"I was diagnosed in the third grade,” Kukura said. "I would just space out, then come out of it feeling cold and hungry.”
She said her black-out spells were picked up by the teacher, who immediately informed Samantha’s parents. They in turn took her for a medical evaluation and discovered she suffered from epileptic seizures referred to as “absence seizures.”
In an absence seizure, the patient simply blacks out. They appear out of it and don’t respond. Samantha called it being spaced out.
“When I was diagnosed, I had to spend several days at Tod’s Childrens Hospital. They observed me and took EEG readings of my brian patterns.”
“Unfortunately, babies and children are our largest group to be diagnosed,” said Janet Mau from Mahoning Valley Epilepsy.
Mau said on the plus side, early diagnosis and treatment can help ease the seizures and their severity as the person grows into adulthood. For Samantha, that was the case. Between the third and sixth grades in Boardman schools, Samantha had several seizures. Teachers were made aware of her condition and were trained in how to handle it.
On the down side, the seizures affected her learning ability. She said typically a student with epilepsy has a slower learning pace than others. She had to get a tutor in order to keep up, which meant putting in extra learning hours. She was dedicated to graduating and took the extra steps.
After graduating from Boardman, Samantha enrolled in Interactive Multimedia classes at Mahoning County Career and Technical Center in Canfield. She said, even though she was seizure free since the sixth grade, the teacher at MCCTC still took steps for the entire class regarding Samantha’s epilepsy.
“When I first came to MCCTC, there was a person who had a grand mal seizure,” she said. “Now it is part of the class safety program to have everyone given a quick lesson on what to do.”
While she is glad to have been seizure free for so long, she does realize that seizures can return unannounced at anytime. While she understands that fact, she doesn’t let it run her life. She is employed at JCPenney in the Mall, at the Canfield McDonald's, and currently sells Mary Kay products.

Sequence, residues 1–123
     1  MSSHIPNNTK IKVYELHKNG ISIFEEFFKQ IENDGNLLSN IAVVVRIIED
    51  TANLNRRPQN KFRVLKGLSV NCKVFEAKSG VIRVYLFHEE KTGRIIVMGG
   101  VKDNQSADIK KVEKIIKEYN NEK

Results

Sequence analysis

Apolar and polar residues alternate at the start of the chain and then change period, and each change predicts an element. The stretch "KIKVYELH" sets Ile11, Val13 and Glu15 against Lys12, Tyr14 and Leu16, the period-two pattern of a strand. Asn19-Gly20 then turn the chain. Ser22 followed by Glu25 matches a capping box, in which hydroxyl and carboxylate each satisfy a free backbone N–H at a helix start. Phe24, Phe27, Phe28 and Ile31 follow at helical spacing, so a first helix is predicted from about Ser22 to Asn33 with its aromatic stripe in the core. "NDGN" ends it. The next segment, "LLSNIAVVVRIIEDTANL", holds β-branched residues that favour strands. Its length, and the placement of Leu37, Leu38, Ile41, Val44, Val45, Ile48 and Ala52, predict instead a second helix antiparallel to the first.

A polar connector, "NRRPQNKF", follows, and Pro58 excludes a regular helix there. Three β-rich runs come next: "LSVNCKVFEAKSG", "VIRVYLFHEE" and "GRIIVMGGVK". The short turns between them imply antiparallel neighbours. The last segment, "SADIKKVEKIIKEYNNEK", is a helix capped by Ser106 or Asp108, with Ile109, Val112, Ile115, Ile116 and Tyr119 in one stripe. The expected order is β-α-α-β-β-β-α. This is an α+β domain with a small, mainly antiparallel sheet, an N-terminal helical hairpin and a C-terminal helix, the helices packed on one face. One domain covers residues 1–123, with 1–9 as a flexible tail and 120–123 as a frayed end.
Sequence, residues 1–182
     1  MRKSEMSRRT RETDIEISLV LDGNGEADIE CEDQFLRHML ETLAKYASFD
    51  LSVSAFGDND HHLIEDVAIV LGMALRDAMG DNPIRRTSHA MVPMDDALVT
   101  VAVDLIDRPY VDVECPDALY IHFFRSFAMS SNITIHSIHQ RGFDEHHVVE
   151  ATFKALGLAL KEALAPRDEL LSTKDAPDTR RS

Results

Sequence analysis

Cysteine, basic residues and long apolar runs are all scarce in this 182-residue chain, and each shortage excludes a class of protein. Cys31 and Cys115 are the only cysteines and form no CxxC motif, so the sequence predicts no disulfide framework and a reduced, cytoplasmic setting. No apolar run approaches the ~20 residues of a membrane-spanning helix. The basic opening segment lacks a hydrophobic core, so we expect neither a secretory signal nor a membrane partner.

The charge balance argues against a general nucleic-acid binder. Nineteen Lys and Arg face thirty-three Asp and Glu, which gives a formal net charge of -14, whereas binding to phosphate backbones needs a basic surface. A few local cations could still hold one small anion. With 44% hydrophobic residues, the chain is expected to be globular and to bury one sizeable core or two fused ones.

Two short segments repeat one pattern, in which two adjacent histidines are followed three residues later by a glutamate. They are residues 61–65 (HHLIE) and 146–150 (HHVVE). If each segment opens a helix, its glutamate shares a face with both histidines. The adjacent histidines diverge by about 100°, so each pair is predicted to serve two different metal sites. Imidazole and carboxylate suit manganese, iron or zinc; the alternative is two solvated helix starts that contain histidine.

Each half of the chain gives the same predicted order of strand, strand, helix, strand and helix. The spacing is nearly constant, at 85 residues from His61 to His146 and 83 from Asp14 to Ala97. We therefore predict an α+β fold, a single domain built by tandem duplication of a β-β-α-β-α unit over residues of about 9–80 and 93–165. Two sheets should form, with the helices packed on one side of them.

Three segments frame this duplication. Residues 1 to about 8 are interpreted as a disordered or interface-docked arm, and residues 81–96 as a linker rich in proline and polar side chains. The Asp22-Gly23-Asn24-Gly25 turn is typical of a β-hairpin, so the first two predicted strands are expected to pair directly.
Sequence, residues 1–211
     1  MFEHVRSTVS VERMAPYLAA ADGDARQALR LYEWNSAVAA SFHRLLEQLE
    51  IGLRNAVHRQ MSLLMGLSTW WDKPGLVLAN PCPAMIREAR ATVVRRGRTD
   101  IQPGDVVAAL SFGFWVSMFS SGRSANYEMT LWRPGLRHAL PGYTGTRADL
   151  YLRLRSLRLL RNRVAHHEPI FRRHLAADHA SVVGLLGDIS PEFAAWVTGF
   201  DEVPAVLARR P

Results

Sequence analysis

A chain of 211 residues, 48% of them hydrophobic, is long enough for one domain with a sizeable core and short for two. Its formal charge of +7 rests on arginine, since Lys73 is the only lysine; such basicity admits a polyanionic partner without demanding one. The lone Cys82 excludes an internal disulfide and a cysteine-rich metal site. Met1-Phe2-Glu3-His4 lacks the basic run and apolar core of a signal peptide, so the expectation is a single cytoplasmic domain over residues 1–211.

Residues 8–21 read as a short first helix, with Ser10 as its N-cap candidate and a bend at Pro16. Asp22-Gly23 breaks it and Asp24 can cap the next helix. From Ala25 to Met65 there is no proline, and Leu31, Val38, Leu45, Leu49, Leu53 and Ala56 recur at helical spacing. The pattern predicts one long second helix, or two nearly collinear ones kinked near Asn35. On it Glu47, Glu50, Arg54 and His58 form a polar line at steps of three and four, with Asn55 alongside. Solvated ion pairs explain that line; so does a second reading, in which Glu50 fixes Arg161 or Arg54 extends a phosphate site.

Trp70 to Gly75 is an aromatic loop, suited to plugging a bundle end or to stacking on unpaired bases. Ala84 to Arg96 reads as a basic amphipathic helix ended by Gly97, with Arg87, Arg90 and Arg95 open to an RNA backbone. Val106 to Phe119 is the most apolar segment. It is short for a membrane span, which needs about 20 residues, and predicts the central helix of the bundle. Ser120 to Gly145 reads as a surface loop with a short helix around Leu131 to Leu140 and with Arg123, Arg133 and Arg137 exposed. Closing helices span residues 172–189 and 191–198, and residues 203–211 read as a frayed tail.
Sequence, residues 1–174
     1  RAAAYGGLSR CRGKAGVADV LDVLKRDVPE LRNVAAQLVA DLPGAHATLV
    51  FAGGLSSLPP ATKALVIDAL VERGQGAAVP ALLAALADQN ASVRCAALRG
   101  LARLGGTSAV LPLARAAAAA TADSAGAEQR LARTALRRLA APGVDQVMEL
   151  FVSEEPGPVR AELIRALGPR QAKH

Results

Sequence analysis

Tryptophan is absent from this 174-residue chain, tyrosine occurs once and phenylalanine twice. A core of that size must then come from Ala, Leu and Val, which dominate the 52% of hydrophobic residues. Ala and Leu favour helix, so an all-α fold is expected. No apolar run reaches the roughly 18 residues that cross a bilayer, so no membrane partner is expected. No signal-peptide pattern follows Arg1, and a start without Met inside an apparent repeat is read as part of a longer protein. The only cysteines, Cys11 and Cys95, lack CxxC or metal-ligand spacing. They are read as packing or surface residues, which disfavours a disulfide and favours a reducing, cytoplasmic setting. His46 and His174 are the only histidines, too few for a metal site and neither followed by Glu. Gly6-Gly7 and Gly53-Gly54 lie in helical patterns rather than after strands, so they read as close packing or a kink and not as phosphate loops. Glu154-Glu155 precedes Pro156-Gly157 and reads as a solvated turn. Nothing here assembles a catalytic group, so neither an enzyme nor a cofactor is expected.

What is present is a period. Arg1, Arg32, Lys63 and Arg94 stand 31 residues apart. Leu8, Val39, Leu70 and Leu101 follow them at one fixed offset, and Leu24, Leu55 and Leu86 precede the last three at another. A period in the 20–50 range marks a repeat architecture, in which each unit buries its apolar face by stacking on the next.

“I hope to have a pink Cadillac someday,” she said.
As if her three jobs and schooling weren’t enough, she also partakes in the art of belly dancing.
“Samantha is a belly dancer, which is a good thing,” Mau said. “It is good because of the balance it takes to do it. We advocate staying physically active.”
Samantha takes her dancing to events such as the annual Rocking Chair event in Austintown that brings awareness of epilepsy to the public. She has been known to perform her dances at the event.
“I am working with Mahoning Valley Epilepsy to be an advocate for those with the disorder,” Samantha said. “I want to encourage young people with epilepsy to continue to be positive, be compliant with their meds and keep an open mind. They too may be able to be seizure free some day.”
Samantha loves talking to others suffering through epilepsy. She wants to give them hope and peace of mind by being a role model of how to live with the disorder.
“If you don’t have someone to talk to about epilepsy, then you could be living in a bubble,” Mau said. “Realizing that others have it too can help one to deal with it better.”
Mau said in Mahoning County alone, roughly 5,000 residents have been diagnosed with epilepsy. She said the actual number may be higher with those who have not been diagnosed yet.
Mau said a good website to check out and learn more about epilepsy is www.epilepsyadvocate.com.
Photo by J.T. Whitehouse, Town Crier
Samantha Kukura, a 2011 Boardman graduate, is an active young lady who is doing her part at getting the message out about epilepsy. Through early diagnosis and treatment, she has been seizure free since the sixth grade.